c u t i s i n t [ e ] r a c t i b i l i s
In the spring of 1994, i.e. occupied the office and gallery space at Tribes Gallery for c u t i s i n t [ e ] r a c t i b i l i s. This time, a computer monitor was visible behind the inner office window and a sheet of plastic "skin". The translucent plastic obscured the view of the screen and a series of suspended photographic prints behind it, depicting human skin. Viewers had to alter their posture to peer through cutouts in this plastic. The same sheet of plastic served as screen to an eye projected from across the gallery and a film loop of a knee projected from inside the office. The computer monitor displayed a moving collage of architectural and human orifices. User clicks of the mouse prompted indignant strings of archaic English slang. c u t i s i n t [ e ] r a c t i b i l i s used this motif to redress the media as inflexible barrier to human interaction. Our eyes translate the univers around us into the languages of the worlds under our skin.
c e c i n ' e s t p a s u n p e e p s h o w
In the fall of 1993, individual
electric made use of the
entry and closet space at Tribes Gallery for
c e c i n ' e s t p a s u n p e e p s h o w. The viewer enters through a sliding door. Above a red light shines when the closet is occupied. Inside, the visitor lowers a bench and sits down. Light projected from the rear casts his/her shadow over a magnifying glass positioned in front of an opening in the wall revealing a computer screen. A sequence of dissolving photo-collages depicts various looking devices and fragments of a naked body. A soundtrack combines the noise of television, running water, erotic activity and other "found bites." The surveillance camera discreetly situated below the screen feeds a surveillance monitor at the entrance of the gallery. Here, viewers may peek at the activity in the closet - upside down. c e c i n ' e s t p a s u n p e e p s h o w was our first investigation into the object and the eye, of beholder and beheld.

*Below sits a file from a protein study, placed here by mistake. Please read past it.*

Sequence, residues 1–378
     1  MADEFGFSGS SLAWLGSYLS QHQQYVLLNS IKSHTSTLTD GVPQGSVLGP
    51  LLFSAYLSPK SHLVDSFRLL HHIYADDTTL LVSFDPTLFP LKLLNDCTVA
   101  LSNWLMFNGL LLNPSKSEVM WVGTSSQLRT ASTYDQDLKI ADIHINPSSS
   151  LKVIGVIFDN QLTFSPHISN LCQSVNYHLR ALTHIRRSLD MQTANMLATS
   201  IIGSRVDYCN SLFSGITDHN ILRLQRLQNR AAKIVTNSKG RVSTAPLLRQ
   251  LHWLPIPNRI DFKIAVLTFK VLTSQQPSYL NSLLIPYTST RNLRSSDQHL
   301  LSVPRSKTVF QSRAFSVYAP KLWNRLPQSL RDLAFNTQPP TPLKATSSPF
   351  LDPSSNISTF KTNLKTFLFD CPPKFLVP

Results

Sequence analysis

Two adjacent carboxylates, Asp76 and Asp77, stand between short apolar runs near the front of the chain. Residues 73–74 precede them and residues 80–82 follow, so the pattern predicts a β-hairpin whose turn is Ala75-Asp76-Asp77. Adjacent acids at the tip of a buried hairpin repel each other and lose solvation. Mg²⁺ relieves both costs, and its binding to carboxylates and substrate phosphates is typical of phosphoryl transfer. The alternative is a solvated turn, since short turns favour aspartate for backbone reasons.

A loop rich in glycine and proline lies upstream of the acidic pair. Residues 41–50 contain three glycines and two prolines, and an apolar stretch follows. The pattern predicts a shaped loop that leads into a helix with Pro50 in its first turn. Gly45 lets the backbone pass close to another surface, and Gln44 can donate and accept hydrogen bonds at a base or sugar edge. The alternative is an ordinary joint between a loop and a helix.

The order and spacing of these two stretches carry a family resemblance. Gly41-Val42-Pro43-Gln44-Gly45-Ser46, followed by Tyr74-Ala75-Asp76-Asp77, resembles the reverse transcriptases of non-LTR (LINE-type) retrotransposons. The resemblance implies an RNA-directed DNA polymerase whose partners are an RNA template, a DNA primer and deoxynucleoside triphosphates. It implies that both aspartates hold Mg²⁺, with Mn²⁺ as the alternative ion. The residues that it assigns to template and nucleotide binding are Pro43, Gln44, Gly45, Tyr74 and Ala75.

individual electric is engaged in other activities, as well. Blinded by science as well as aesthetics, recent i.e. partnerships include user interface design for Multimedia Communication Research at Bell Laboratories, presentation programming for Bellcore, training in multimedia production at some NY design shops, immersive lecture/workshops, environmental transformations of nightclubs, mercy missions, etc. Our commitment to exhaust the means of communication include the development of d i g i t a s, a CD ROM periodical for the arts and literature.